One of the most intense psychological thrillers of the year, The Excursion, will have its readers on the edge of their seats. The story is told in the first person from the points of view of the main character Charly from both past and present perspectives and that of Zaroff Enterprises excursion leader Randall Thorne.
Charly has struggled through life. Her family consists of her mother, an alcoholic and drug addict, her brother Jacob who is autistic, and her father, Johnathan, who left the family when Charly was a little girl. After living on the street, enduring abusive relationships, and finally reconnecting with her brother, Charly’s life is starting to get better. Her mother, now in hospice, has called Charly to come over for a visit. While at the assisted living center, Charly’s mother tells her that her father is dead and has left her money and the old cabin they used to vacation at. This means that in a few years, when Charly can claim the money, she and Jacob will be set. Of course, Charly is overjoyed at the surreal situation.
The reader is then introduced to Randall, a man who is bad news no matter how you look at it. He is selling the opportunity of a lifetime, an exclusive excursion, to the right person. A hunting excursion. The difference? Unbeknownst to the hunter, the prey is not in the form of wild animals. Barry Rockwell, an attendee at one of Randall’s hard-sell presentations, is the perfect fit for the excursion–an avid, experienced hunter who has money to burn. Randall immediately latches onto him and bullies Randall into accepting the opportunity.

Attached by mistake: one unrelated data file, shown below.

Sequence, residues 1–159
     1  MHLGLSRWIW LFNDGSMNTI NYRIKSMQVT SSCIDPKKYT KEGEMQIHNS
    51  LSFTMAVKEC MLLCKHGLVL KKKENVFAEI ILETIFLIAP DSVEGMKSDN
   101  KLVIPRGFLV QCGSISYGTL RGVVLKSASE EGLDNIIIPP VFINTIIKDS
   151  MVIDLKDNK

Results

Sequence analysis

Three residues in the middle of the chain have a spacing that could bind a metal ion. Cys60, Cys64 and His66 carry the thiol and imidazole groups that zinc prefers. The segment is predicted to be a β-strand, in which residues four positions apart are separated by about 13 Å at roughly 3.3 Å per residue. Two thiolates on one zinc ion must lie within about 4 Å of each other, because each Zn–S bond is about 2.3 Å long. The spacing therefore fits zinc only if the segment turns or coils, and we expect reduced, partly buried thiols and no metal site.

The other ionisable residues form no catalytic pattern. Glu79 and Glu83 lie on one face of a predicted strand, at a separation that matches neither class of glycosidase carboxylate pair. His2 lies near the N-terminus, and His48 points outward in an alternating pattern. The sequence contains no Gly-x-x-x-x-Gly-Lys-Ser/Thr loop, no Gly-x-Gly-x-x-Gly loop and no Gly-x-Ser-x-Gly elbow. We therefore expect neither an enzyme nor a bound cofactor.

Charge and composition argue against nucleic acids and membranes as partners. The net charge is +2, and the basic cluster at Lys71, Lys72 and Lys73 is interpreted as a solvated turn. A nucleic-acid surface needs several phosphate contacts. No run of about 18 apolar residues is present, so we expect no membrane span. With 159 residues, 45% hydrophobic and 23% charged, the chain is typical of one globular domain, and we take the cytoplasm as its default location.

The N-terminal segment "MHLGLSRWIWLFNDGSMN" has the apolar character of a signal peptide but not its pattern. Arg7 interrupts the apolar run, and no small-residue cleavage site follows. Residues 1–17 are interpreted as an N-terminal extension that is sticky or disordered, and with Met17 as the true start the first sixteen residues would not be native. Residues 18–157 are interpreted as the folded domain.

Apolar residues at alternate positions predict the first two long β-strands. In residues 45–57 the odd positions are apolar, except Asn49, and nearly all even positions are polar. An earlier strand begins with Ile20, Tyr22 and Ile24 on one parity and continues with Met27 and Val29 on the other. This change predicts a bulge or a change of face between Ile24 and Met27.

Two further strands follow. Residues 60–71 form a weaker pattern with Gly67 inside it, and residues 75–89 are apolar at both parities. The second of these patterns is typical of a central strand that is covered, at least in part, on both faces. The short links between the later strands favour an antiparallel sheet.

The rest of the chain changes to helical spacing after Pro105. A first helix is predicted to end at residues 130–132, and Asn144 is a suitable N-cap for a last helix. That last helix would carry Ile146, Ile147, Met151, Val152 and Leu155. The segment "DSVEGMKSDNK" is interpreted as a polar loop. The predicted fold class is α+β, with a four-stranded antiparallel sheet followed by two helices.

Author T.O. Paine does an amazing job of placing the reader in both Charly and Randall’s shoes. In the chapters narrated by Randall, he truly embraces the misogynistic ways of the character, especially when he repeats how stupid of a woman Kennedy is.
Charly invites her cousins Amanda and Cam to the cabin for the holidays. They both accept. Somehow, she also convinces Jacob that it will be fun, although he remembers that Cam is not a nice person. On the way to the cabin, Jacob panics, and Charly crashes their car into a snowbank. They are picked up by none other than Barry and his girlfriend, Kennedy. From here on out, the situation plays out like a cross between the movies A Cabin in the Woods and No Exit with a little bit of The Hunger Games thrown in. My eyes were glued to the book the whole time I was reading it, ready for what would happen next. There are quite a few violent parts in the book, however, these are very well-written and crucial to the plot of the story. I do have to say Jacob’s unpredictable behavior was unnerving at times, and this really made everything more difficult for Charly. The climax of the book builds until it seems like there is nowhere else to turn. Paine throws a perfect curveball at the end to shock his readers. Riveting from cover to cover, The Excursion is the perfect book for fans of thrillers and action in the wilderness novels.
|Dark Swallow Books
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|Mystery, Crime, Thriller